Javed Mota was dispatched to the Sher Shah used-auto parts market to fetch a new carburetor. Four hours later he returned triumphantly with the exact same part in excellent condition! This was a miracle of sorts and Javed Mota was immediately thanked with tea and biscuits.

After a long and complex surgery, the new heart was put in place and Lucie was good as new ... or so it seemed.

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Unfortunately, the first episode was a portent of things to come. A week later the starter gave up.

This was the point when Behram Khan’s love for Lucie turned to hate. The car was a heavy beast and reluctant to spurt to life even after a 100 long yards of hard pushing by a team of four strong volunteers.

The mighty Khan, being the lead pusher, had the added responsibility of rounding up the others to assist. After a few days, as the car continued to sulk, the goodwill of the volunteers evaporated. Soon it was just Khan and me sweating it out.

The proverbial straw that broke the camel’s back manifested itself in black, smelly, fumes emanating from the tail pipe of the car.

“I regret to inform you Sir, but this time it is cancer”, declared Javed Mota. One of the engine cylinders was shot and Lucie was deemed to be terminally ill.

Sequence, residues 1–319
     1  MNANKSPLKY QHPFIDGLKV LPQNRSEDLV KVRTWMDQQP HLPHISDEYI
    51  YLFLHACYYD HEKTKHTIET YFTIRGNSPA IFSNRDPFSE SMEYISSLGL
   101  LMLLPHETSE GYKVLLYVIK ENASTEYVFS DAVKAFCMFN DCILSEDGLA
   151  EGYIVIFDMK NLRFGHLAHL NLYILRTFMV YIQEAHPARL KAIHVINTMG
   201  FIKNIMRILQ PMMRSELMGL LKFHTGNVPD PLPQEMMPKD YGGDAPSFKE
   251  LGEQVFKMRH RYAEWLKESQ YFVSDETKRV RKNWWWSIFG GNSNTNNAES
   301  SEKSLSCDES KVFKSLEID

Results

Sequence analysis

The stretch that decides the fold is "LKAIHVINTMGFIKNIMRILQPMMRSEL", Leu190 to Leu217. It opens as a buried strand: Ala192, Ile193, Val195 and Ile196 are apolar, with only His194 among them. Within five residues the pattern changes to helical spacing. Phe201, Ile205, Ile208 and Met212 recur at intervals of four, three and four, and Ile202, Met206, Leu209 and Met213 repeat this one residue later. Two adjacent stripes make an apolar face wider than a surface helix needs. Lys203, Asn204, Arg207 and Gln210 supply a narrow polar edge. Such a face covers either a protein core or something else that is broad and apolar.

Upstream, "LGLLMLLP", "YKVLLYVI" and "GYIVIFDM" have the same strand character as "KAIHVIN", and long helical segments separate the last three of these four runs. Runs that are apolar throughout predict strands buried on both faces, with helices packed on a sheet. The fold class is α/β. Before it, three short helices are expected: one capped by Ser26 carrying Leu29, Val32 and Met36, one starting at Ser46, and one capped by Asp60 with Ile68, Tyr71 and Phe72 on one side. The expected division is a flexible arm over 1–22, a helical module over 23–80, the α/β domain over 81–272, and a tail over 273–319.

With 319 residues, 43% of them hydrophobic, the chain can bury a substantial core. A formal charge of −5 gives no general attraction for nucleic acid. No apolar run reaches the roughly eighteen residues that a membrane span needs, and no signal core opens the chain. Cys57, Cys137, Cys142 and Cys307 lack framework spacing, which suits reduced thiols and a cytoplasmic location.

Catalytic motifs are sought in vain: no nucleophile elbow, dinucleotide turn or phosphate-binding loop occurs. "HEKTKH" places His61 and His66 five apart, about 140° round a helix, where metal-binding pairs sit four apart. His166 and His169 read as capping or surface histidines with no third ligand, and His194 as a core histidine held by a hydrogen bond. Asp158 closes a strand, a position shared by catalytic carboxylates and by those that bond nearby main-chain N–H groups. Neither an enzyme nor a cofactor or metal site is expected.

Not willing to throw more money down a bottomless pit, I decided to get rid of her. Lucie was given a final bath and cleaned inside out. A good coat of car polish completed the preparations for the final journey.

Finally, I bought three new spark plugs and fitted one in the rogue cylinder to make sure that it made it to the drive-by used car sale street in the Saddar Plaza area.

Accompanied by a cousin, who looks like an Arab sheikh, I drove the car into the street trying to appear smug. Almost immediately there was a flock of men running along the car, asking if we wanted to sell it.

Men are stupid; they are easily dazzled by the exterior – and Lucie was a looker if anything.

The buyer was hooked, but then he dropped a bombshell: he wanted a test drive. By now, the faulty cylinder was on its last gasp and I knew that it was a matter of minutes before the car spewed out black fumes and lost power drastically.

Alas, that is exactly what happened.

I was sweating profusely but kept my wits about me. “Oh, you know how dirty the fuel is these days; the kachra must have clogged the spark plug!”

May Allah forgive me for this blatant dishonesty, but I was a desperate man.

I jumped out of the car, opened the hood and quickly replaced the spark plug with a new one I had kept in my pocket. The car was moving again and functioned long enough for the short test drive. I had pulled it off!

And that was the end of my affair with Lucie. It was short and bitter: even the air-conditioning and power windows never functioned properly.

Beautiful as she was, there was no love lost between Lucie and I.